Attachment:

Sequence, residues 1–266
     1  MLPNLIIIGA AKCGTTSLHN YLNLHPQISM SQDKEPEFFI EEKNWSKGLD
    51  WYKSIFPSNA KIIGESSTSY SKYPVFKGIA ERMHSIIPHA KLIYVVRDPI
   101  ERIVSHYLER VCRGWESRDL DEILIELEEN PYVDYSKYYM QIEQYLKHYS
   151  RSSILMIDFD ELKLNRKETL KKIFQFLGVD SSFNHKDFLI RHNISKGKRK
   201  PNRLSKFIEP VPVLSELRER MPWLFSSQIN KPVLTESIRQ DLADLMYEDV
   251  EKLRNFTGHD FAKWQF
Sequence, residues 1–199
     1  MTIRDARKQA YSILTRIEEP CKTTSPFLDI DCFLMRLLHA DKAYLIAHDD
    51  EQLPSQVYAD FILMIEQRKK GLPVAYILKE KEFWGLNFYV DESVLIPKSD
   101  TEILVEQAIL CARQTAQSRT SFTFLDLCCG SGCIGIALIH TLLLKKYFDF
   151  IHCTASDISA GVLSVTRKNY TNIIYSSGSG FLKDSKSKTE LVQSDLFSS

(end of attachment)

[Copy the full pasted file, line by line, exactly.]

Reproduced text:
Sequence, residues 1–266
     1  MLPNLIIIGA AKCGTTSLHN YLNLHPQISM SQDKEPEFFI EEKNWSKGLD
    51  WYKSIFPSNA KIIGESSTSY SKYPVFKGIA ERMHSIIPHA KLIYVVRDPI
   101  ERIVSHYLER VCRGWESRDL DEILIELEEN PYVDYSKYYM QIEQYLKHYS
   151  RSSILMIDFD ELKLNRKETL KKIFQFLGVD SSFNHKDFLI RHNISKGKRK
   201  PNRLSKFIEP VPVLSELRER MPWLFSSQIN KPVLTESIRQ DLADLMYEDV
   251  EKLRNFTGHD FAKWQF
Sequence, residues 1–199
     1  MTIRDARKQA YSILTRIEEP CKTTSPFLDI DCFLMRLLHA DKAYLIAHDD
    51  EQLPSQVYAD FILMIEQRKK GLPVAYILKE KEFWGLNFYV DESVLIPKSD
   101  TEILVEQAIL CARQTAQSRT SFTFLDLCCG SGCIGIALIH TLLLKKYFDF
   151  IHCTASDISA GVLSVTRKNY TNIIYSSGSG FLKDSKSKTE LVQSDLFSS